Internet Low Bit Rate Codec (iLBC)
Filename extension
Internet media type
Magic number'#!iLBC30\n' or '#!iLBC20\n'[1]
Developed byGlobal IP Solutions, now Google Inc
Initial release2004 (2004)[1]
Type of formatAudio compression format
StandardRFC 3951
iLBC Speech Coder
Developer(s)Global IP Solutions, now Google Inc
Initial release2004
Written inC
Operating systemCross-platform
TypeAudio codec, reference implementation
License3-clause BSD

Internet Low Bitrate Codec (iLBC) is a royalty-free narrowband speech audio coding format and an open-source reference implementation (codec), developed by Global IP Solutions (GIPS) formerly Global IP Sound (acquired by Google Inc in 2011[2]). It was formerly freeware with limitations on commercial use,[3][4] but since 2011 it is available under a free software/open source (3-clause BSD license) license as a part of the open source WebRTC project.[5] It is suitable for VoIP applications, streaming audio, archival and messaging. The algorithm is a version of block-independent linear predictive coding, with the choice of data frame lengths of 20 and 30 milliseconds. The encoded blocks have to be encapsulated in a suitable protocol for transport, usually the Real-time Transport Protocol (RTP).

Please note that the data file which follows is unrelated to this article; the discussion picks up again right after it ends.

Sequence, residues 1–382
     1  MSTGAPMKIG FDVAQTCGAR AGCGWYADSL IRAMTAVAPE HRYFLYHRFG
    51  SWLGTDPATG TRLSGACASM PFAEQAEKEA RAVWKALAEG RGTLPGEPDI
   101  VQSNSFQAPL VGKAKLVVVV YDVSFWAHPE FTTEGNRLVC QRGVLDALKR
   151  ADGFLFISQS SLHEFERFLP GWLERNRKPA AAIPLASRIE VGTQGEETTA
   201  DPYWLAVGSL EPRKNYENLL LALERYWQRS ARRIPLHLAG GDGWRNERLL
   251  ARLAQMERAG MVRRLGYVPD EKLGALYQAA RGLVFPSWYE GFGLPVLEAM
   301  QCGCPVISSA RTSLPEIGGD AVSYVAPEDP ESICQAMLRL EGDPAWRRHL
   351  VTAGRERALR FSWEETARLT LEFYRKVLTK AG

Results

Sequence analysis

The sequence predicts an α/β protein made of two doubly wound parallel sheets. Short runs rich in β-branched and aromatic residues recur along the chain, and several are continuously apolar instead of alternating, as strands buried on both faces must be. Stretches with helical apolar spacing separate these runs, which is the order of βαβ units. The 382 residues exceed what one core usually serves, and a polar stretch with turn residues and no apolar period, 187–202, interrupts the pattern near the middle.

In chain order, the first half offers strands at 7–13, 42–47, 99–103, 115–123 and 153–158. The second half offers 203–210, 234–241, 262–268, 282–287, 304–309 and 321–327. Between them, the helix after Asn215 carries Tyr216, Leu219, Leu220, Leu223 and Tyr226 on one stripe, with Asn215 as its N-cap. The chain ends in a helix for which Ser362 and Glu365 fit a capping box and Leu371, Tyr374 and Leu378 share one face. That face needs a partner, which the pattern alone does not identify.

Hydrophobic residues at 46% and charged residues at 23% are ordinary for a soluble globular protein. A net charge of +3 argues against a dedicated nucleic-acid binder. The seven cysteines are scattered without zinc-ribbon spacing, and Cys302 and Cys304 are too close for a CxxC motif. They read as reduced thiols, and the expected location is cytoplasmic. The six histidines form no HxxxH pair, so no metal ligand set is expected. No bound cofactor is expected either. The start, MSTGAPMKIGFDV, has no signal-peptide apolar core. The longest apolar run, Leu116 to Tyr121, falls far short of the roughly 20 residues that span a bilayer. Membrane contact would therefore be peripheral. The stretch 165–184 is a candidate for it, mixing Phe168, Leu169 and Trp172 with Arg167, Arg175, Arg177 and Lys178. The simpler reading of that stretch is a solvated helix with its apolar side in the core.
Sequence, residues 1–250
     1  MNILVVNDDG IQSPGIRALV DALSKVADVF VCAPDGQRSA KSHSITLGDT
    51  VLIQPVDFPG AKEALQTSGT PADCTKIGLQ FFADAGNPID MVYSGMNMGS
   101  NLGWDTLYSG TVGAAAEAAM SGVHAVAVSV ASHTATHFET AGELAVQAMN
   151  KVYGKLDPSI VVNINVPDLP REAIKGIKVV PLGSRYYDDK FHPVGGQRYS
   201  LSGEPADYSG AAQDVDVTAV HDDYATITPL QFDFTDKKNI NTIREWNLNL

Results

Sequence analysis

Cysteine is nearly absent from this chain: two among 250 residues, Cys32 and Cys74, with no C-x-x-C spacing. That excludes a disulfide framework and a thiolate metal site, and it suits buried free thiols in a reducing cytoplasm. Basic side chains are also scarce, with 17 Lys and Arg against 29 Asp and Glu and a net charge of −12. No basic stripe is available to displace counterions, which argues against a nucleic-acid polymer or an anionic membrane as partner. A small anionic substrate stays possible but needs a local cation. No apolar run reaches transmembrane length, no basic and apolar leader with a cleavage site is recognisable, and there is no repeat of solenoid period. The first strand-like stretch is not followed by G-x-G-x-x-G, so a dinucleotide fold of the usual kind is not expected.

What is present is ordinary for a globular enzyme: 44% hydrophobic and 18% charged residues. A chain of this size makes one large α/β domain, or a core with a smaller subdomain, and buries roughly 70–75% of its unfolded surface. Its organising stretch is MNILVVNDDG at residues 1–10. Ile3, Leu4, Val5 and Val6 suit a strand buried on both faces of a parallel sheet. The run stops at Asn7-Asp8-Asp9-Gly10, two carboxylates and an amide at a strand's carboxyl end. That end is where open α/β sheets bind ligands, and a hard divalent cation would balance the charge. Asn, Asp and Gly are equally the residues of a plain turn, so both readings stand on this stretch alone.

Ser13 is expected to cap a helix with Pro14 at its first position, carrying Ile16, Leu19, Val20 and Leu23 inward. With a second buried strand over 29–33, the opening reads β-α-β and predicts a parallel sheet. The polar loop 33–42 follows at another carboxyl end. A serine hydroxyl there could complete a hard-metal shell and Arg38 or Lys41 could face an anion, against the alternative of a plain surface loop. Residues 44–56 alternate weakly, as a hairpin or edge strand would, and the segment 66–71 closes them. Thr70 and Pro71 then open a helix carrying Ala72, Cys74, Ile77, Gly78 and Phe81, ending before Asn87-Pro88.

iLBC handles lost frames through graceful speech quality degradation. Lost frames often occur in connection with lost or delayed IP packets. Ordinary low-bitrate codecs exploit dependencies between speech frames, which cause errors to propagate when packets are lost or delayed. In contrast, iLBC-encoded speech frames are independent and so this problem will not occur.

iLBC is defined in RFC 3951. It is one of the codecs used by Gizmo5, WebRTC, Ekiga, Google Talk, Maemo Recorder (on the Nokia N800/N810), Polycom IP Phone, Cisco, QuteCom, Tuenti,[6] Yahoo! Messenger, Ooma[7] and many others.

iLBC was submitted to IETF in 2002[8][9] and the final specification was published in 2004.

Parameters and features

See also


  1. ^ a b c d Duric, Alan; Andersen, Soren Vang (2004). "Real-time Transport Protocol (RTP) Payload Format for internet Low Bit Rate Codec (iLBC) Speech". Retrieved 2011-06-23.
  2. ^ Dana Blankenhorn (2010-05-18). "Why Google bought Global IP Solutions". ZDNet. Retrieved 2011-06-23.
  3. ^ "Global IP Solutions iLBC Freeware Public License" (PDF). 2008-10-30. Archived from the original (PDF) on October 30, 2008. Retrieved 2011-06-23.
  4. ^ "iLBCfreeware". Archived from the original on December 19, 2008.
  5. ^ a b "iLBC Freeware". Archived from the original on 2011-07-05. Retrieved 2011-06-23.
  6. ^ "Tuenti+WebRTC (Voip2day 2014)".
  7. ^ Ooma * codes, 12 May 2015
  8. ^ Roar Hagen, Speech Coders - a VoIP perspective, retrieved 2011-06-23
  9. ^ Duric, Alan; Andersen, Steven C. (2002). "Internet Low Bit Rate Codec - draft-andersen-ilbc-00.txt". Retrieved 2011-06-23.
  10. ^ "former GIPS license" (PDF). Archived from the original (PDF) on October 30, 2008.